Kevin D. Plancher and Michael Bothwell
A 19-year-old man presents with a larger painful mass in his left long finger (Fig. 90-1). The pain has been gradually increasing and is worse at night. The patient reports he gains some pain relief with aspirin, but would like to determine what is causing his pain.
The patient has a large mass over the proximal interphalangeal (PIP) joint of the left long finger. The patient exhibits tenderness with pressure. Range of motion was minimally affected.
Plain radiographs reveal a small round lucency surrounded by sclerosis or a cortical reaction (Fig. 90—2). Lesions not demonstrated on plain films require a bone scan or computed tomography scan (Fig. 90—3). Bone scan may be necessary to demonstrate a sclerotic nidus (Fig. 90-4).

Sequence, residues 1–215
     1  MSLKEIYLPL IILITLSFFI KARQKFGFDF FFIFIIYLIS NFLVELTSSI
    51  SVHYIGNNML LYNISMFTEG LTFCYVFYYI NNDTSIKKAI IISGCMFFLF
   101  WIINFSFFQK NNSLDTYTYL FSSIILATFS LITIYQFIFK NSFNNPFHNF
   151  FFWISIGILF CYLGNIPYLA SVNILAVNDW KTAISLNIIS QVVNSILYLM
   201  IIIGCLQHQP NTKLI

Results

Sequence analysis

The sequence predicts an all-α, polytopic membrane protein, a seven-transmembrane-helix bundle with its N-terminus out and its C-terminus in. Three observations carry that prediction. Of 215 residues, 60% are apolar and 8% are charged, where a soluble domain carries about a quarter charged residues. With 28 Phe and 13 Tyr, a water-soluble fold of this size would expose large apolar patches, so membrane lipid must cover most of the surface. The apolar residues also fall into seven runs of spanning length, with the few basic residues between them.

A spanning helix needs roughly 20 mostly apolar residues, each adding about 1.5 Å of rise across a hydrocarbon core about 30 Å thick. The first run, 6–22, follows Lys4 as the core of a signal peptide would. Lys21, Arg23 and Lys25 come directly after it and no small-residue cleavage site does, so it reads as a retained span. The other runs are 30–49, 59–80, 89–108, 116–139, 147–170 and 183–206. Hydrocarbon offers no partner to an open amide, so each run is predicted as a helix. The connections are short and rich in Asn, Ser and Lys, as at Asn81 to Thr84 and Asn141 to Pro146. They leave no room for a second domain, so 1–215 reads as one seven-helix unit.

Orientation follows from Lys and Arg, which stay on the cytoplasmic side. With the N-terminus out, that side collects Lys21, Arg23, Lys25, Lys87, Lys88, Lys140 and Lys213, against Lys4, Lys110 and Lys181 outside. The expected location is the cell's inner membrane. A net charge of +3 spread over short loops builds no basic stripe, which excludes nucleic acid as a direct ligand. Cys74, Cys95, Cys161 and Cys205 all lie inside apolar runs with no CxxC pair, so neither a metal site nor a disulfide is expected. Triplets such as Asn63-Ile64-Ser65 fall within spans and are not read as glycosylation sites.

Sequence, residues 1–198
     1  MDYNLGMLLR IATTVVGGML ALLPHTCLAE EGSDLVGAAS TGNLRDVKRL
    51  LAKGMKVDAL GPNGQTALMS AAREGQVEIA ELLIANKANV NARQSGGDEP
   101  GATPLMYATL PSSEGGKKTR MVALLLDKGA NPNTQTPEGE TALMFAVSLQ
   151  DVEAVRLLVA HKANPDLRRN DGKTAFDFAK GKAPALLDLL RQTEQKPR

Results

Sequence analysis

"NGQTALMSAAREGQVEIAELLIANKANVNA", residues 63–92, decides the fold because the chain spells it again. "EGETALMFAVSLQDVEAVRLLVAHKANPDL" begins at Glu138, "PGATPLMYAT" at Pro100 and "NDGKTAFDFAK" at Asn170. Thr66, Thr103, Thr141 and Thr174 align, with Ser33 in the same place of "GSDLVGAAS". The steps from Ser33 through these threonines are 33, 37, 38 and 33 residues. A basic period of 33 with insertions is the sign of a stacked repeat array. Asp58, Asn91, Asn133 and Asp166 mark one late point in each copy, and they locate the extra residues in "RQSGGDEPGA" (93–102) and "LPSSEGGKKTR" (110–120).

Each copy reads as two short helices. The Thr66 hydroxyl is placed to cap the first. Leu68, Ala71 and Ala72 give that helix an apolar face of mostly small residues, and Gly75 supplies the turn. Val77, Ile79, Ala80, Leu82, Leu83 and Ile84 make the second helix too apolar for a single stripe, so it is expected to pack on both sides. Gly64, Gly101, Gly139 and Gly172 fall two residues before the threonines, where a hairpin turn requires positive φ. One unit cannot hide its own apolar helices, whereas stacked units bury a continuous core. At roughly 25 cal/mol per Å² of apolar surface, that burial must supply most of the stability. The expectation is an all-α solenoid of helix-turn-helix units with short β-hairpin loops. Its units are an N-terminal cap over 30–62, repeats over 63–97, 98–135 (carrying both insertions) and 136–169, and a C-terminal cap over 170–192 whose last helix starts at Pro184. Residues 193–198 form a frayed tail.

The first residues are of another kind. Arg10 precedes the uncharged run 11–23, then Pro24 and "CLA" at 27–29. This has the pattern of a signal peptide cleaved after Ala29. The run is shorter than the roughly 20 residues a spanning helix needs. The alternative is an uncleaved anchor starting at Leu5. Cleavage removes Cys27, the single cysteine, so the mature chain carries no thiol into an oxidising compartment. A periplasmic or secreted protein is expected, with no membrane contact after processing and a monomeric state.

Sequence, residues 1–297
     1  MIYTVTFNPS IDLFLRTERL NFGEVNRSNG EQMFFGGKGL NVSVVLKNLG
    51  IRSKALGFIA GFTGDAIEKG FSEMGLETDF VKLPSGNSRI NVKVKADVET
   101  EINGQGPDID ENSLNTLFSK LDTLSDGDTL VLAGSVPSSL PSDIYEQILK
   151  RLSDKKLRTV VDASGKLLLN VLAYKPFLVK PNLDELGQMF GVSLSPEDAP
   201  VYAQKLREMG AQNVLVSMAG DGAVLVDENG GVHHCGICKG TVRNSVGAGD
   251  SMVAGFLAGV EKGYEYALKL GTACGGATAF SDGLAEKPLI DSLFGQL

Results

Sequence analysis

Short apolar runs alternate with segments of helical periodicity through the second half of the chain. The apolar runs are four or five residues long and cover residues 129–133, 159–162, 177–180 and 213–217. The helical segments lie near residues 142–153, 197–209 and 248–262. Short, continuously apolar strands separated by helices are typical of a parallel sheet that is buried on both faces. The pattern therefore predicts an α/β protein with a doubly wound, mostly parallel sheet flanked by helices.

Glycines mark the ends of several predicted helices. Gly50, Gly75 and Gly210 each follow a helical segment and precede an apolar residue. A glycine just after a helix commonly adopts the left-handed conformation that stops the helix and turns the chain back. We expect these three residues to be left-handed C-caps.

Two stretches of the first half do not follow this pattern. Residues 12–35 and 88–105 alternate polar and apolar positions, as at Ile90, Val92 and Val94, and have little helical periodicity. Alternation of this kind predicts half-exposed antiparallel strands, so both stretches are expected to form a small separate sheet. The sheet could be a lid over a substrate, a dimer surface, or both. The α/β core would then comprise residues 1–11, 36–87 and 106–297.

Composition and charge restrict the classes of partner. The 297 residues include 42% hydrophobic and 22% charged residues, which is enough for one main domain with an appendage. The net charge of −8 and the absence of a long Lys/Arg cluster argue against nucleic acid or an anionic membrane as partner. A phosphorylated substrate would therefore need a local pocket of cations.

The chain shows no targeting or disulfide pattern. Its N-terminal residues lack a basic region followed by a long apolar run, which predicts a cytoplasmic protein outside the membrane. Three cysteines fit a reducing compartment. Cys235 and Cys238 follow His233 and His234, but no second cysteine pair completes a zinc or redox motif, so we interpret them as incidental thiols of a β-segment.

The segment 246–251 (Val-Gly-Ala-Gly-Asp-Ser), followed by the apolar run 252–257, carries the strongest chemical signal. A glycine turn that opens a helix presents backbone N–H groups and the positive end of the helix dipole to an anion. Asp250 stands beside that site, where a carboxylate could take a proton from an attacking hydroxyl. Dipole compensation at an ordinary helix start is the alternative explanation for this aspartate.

Ganglion Enchondroma Aneurysmal bone cyst Giant cell tumor Chondrosarcoma Bone infection Osteoid osteoma
Was this article helpful?
This guide will help millions of people understand this condition so that they can take control of their lives and make informed decisions. The ebook covers information on a vast number of different types of neuropathy. In addition, it will be a useful resource for their families, caregivers, and health care providers.